Works in Progress: Painter Barbara Ernst Prey Finds Wonder in Commonplace

Reported By: Patty B. Wight

Artist Barbara Ernst Prey is known for the bold hues in her watercolor paintings, which can be found in collections at the Smithsonian, the White House and the Kennedy Space Center. Many of her themes are devoted to Maine’s working waterfronts and rural landscapes. Patty Wight paid the prolific painter a visit to find out how she translates real-life scenes to canvas, in the latest installment of our Works in Progress series.

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There are some things that are a part of you, that you have no choice but to embrace. For Barbara Ernst Prey, that’s painting. “It wasn’t that I always wanted to be a painter, it was always inside of me,” she says. “So I eventually came around to finding it.”And Prey has found inspiration in Maine. Her work varies from rural scenes – like quilts billowing from a clotheslines near a clapboard house, to a close-up of fishermen mending a net – always using colors to evoke a certain time of day. Her paintings are collected by celebrities and presidents, she’s on the board of National Council of Arts, and Prey has received commissions from NASA and the White House.When she comes to Maine every summer, she works out of what used to be the Village Inn at Port Clyde, just a stone’s throw from the harbor. The first two floors are gallery space, which include photos of some of her famous collectors, like Tom Hanks. But the cozy third floor attic is Prey’s studio. It’s sparsely furnished, simple and bright, with light beaming in from glass doors that open to a deck.

Prey sits in this pool of light, her chair facing a wooden easel, a small table of neatly organized paints and brushes at her side. Though Prey often does large watercolor paintings, on this day she’s working on a small square oil painting of two lobster buoys resting on coils of rope and a few traps.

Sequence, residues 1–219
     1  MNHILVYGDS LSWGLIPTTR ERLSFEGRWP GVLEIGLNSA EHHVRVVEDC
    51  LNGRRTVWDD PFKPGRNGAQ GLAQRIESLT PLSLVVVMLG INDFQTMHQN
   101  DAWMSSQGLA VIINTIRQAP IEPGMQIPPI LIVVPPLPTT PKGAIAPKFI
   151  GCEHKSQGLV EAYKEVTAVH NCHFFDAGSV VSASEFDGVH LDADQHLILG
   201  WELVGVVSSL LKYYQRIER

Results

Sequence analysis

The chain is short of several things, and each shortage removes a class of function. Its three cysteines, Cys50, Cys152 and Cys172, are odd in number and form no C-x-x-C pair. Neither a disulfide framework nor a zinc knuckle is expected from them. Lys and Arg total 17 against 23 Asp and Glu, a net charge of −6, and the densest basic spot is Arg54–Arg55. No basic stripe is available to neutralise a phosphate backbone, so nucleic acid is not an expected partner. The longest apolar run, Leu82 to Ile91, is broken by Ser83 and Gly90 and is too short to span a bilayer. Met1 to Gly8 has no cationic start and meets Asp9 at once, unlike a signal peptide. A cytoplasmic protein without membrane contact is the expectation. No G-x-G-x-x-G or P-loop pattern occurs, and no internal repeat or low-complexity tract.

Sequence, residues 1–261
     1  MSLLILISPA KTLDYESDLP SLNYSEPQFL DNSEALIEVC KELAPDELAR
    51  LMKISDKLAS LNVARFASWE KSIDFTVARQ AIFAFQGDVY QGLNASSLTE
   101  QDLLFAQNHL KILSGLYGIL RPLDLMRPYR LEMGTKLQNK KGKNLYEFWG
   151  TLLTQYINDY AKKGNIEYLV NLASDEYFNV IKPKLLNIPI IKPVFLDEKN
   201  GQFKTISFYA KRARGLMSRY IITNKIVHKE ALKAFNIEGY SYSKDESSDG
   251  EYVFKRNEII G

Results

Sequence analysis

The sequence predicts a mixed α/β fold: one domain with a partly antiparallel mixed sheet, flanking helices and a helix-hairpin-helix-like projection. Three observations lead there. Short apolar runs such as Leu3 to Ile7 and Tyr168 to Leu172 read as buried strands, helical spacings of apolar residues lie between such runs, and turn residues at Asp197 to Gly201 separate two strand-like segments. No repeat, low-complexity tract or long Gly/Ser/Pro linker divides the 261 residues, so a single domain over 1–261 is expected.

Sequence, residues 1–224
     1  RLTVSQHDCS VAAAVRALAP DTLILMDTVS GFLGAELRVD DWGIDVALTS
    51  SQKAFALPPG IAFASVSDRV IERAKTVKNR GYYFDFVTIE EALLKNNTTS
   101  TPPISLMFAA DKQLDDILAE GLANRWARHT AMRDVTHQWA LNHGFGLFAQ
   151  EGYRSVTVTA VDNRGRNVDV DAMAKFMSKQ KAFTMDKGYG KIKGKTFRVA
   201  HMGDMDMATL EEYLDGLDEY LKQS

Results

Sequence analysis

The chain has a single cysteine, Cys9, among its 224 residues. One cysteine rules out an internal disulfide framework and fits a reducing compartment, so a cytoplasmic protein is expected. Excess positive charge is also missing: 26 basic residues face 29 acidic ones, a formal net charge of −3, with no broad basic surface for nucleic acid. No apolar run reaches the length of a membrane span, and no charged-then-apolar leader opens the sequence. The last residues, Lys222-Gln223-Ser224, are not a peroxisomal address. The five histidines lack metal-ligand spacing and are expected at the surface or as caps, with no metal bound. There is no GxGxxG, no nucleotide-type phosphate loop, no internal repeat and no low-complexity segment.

“This is one of my first oil paintings I’ve done of Maine in a long time, and it’s from just right down the edge of the wharf from where I often go to look for painting ideas,” she says, swishing her brush in a wash. “For me, it was an exercise in the colors – these wonderful, colorful buoys, incredible blue sky, and then you’ve got the orange and greens of the ropes.”

When Prey first saw the buoys, she says, the image just clicked. This is how most of Prey’s paintings are born. She’s always looking, thinking, and distilling the images she sees, whether she’s driving to the grocery store, or standing on her deck.

She slides open the door to step outside, and almost immediately something catches her eyes in the view to the waterfront workshops along the wharf.

“I’ve done a lot of interiors of the workshops, but I haven’t painted those per se,” she says. “Or even here, these buildings, I have painted some of the old structures. I’ve done kind of a twilight scene, and then early morning scene. But I come here a lot and I’ll just spend time outside, actually at 5:30 in the morning, and just watch the light on the buildings.”

Prey says often she’ll observe a scene for years before it becomes a painting. Maybe the light is hitting it just right, or boats are lined up a certain way. Prey says creating each painting is a lifelong experience.

“It’s your eye – as I said, it’s your lens,” she says. “You bring so much of what’s your history and who you are and what you’ve seen and your experiences. And then you look at it, and it resonates in such a different way than someone else.”

Prey’s history with painting goes back to when she was a young girl. She and her mother – who was the head of design at the Pratt Institute in New York – would draw and paint together. Prey used oils and pastels, and when she was 15, picked up watercolors, for which she is now best known.

“My mom was such a great oil painter that I didn’t want to compete with her when I was little, so that’s why I did watercolors,” she says. “And, you know, watercolors is such a wonderful medium.”

But she’s working in oil again, in addition to her watercolors. And though Prey’s buoy painting looks like it’s complete, she says there’s still work to do. She wants to make the yellow in the buoys brighter against the blue background. She says her job on the canvas is to highlight details you might normally miss in everyday life.

“I’m pointing out the familiar that you often overlook, and you find these wonderful things in the commonplace,” she says.